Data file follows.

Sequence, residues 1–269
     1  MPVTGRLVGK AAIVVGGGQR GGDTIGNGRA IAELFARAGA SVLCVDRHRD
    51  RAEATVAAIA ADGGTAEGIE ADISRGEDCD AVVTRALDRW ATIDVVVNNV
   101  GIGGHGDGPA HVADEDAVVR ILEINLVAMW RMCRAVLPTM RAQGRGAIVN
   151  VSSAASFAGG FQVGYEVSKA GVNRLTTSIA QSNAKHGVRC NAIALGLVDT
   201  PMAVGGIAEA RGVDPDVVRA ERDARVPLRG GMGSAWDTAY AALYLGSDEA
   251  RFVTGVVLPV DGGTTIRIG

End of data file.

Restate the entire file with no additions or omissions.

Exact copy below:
Sequence, residues 1–269
     1  MPVTGRLVGK AAIVVGGGQR GGDTIGNGRA IAELFARAGA SVLCVDRHRD
    51  RAEATVAAIA ADGGTAEGIE ADISRGEDCD AVVTRALDRW ATIDVVVNNV
   101  GIGGHGDGPA HVADEDAVVR ILEINLVAMW RMCRAVLPTM RAQGRGAIVN
   151  VSSAASFAGG FQVGYEVSKA GVNRLTTSIA QSNAKHGVRC NAIALGLVDT
   201  PMAVGGIAEA RGVDPDVVRA ERDARVPLRG GMGSAWDTAY AALYLGSDEA
   251  RFVTGVVLPV DGGTTIRIG